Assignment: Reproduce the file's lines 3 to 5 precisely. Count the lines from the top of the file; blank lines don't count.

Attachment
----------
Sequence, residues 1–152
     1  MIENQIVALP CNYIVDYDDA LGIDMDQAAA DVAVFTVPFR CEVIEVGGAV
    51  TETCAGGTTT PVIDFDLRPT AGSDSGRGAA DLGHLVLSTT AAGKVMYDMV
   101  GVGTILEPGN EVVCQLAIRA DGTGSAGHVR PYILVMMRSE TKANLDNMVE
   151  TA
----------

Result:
    51  TETCAGGTTT PVIDFDLRPT AGSDSGRGAA DLGHLVLSTT AAGKVMYDMV
   101  GVGTILEPGN EVVCQLAIRA DGTGSAGHVR PYILVMMRSE TKANLDNMVE
   151  TA